Expression of a PDK4 reporter gene under the influence of carnosine, rapamycin and Ly-294,002
As rapamycin and Ly-294,002 were both able to increase expression of PDK4 in the two cell lines investigated (although significance was only confirmed for U87), we wondered whether carnosine exerts its effect on PDK4 expression via PI3/Akt/mTOR signaling. In order to prove this hypothesis, reporter gene assays were performed. The experiments were based on the observation that the effect of PI3K/Akt/mTOR signaling on expression of PDK4 is mediated by elements in the 5’-upstream region of the gene, e.g. by binding sites for transcription factors of the FOXO family . Therefore, we asked whether the effect of carnosine is also mediated by elements located in the promoter of the gene. To answer this question, a reporter gene was constructed that covered a region from the human PDK4 gene (hPDK4) encompassing 3968 bp upstream from the transcriptional start point and 319 bp downstream of it, including the start codon of hPDK4 controlling a luciferase gene with a secretion signal from Gaussia princeps. The construct designated “hPDK4_GauIII” was transfected into U87 and T98G cells. After 3 hours of exposure to the DNA/transfection complexes, medium was exchanged and the cells were exposed to carnosine (50 mM), rapamycin (25 nM) and Ly-294,002 (5 μM). Twenty-four hours later, luciferase activity was determined from the supernatant. As reference, cells were also transfected with the reporter gene “pT81_GauIII” used for the construction of “hPDK4_GauIII” which only contained a minimal promoter from the thymidine kinase of Herpes simplex. The result of a corresponding experiment is presented in Fig 2. The experiment demonstrates a significant response of the PDK4 reporter gene to the presence of rapamycin in both cell lines. In the presence of Ly-294,002, we also observed increased expression in both cell lines but statistical significance could only be confirmed for U87 cells. Regarding expression of the corresponding control vector, no statistically significant influence of carnosine, rapamycin, and Ly-294,002 was obtained. In the presence of carnosine, the reporter gene and the control plasmid exhibited a comparable reduced expression in U87 cells (statistically significant only for the reporter gene) and no response in cells from the line T98G. Note: The negative response in the presence of carnosine, which becomes significant in U87 cells transfected with the reporter gene, is a result of reduced viability under the influence of the dipeptide (compare Fig 3). Therefore, we conclude that carnosine’s effect on expression of the endogenous PDK4 gene is independent from an interaction of transcription factors within the tested cis-elements and also different from the effects exhibited by rapamycin and Ly-294,002.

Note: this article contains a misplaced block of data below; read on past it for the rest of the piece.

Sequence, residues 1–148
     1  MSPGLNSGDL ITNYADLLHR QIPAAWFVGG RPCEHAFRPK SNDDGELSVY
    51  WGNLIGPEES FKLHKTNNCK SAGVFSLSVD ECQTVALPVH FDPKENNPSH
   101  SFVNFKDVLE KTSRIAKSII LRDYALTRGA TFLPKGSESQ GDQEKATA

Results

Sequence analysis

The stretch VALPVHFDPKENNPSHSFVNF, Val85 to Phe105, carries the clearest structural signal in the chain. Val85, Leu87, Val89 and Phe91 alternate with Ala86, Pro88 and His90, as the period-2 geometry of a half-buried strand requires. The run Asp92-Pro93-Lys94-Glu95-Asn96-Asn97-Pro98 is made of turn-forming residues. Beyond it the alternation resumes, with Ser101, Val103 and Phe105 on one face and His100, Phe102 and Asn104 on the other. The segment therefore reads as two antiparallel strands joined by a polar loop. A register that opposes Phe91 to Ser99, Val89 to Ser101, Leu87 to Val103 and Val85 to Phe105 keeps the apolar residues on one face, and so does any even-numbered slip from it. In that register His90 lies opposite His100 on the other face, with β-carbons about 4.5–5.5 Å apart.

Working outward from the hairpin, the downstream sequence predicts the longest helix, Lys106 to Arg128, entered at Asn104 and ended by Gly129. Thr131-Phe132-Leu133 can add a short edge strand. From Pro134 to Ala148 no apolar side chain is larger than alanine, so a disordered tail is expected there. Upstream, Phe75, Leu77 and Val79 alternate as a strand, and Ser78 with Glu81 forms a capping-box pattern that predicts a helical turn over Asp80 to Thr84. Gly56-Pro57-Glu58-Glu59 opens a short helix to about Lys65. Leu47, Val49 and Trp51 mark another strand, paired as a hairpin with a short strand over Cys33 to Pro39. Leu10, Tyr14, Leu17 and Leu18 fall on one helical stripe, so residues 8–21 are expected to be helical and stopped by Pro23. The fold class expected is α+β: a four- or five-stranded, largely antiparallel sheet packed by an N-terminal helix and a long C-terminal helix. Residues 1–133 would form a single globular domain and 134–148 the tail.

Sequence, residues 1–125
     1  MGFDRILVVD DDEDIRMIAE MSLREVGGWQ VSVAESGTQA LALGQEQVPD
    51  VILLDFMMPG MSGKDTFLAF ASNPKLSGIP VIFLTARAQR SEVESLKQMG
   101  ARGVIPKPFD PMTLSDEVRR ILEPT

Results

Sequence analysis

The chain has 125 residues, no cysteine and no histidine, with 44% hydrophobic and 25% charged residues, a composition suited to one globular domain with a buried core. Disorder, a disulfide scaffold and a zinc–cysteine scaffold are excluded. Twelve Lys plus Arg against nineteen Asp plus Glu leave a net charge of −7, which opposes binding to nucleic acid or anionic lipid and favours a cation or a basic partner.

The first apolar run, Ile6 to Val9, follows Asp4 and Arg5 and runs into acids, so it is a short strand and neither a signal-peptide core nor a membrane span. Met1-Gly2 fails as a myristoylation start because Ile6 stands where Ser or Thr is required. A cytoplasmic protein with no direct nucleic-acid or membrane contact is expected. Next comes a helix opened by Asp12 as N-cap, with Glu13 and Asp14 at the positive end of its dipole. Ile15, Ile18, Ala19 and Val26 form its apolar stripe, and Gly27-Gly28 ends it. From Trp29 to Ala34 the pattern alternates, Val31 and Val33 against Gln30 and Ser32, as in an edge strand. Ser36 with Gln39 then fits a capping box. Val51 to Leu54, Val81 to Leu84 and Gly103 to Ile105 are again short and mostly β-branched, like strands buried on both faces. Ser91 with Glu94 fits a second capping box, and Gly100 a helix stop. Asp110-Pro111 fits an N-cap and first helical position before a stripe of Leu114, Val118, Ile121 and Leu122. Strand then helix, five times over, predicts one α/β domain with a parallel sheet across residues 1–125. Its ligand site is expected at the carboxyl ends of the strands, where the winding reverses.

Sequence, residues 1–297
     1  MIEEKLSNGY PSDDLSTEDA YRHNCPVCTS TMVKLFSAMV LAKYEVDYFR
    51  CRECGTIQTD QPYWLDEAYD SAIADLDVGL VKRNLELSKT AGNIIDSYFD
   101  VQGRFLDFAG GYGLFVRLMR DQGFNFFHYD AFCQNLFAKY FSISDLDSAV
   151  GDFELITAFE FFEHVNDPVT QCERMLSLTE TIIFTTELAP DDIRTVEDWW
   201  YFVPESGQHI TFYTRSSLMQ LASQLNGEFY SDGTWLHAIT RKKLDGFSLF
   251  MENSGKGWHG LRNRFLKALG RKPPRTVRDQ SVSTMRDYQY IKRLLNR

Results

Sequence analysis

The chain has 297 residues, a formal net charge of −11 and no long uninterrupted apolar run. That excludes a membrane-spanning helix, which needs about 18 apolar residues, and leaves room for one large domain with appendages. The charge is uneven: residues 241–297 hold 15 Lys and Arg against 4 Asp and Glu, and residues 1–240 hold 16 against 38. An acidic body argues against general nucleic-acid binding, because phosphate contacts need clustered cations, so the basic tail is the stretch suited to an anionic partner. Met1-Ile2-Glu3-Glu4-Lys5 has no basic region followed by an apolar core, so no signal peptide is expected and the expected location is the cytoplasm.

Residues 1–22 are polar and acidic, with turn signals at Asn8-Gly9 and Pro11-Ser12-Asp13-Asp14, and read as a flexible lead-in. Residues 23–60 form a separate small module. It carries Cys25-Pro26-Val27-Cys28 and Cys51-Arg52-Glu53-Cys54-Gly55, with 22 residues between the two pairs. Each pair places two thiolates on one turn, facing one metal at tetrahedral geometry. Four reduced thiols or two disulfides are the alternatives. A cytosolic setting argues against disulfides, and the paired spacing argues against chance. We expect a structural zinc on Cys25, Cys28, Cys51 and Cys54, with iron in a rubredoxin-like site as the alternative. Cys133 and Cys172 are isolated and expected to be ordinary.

The reporter gene hPDK4_GauIII with the 5’-region from the human PDK4 promoter and the control vector pT81_GauIII were transfected into U87 and T98G cells. Cells were exposed to carnosine (Car; 50 mM), rapamycin (Rap; 25 nM), Ly-294,002 (Ly; 5 μM) or to vehicle control (Con) and luciferase activity was determined after 24 hours of incubation (6 independent wells). *: p<0.05; **: p<0.005, and ***: p<0.0005.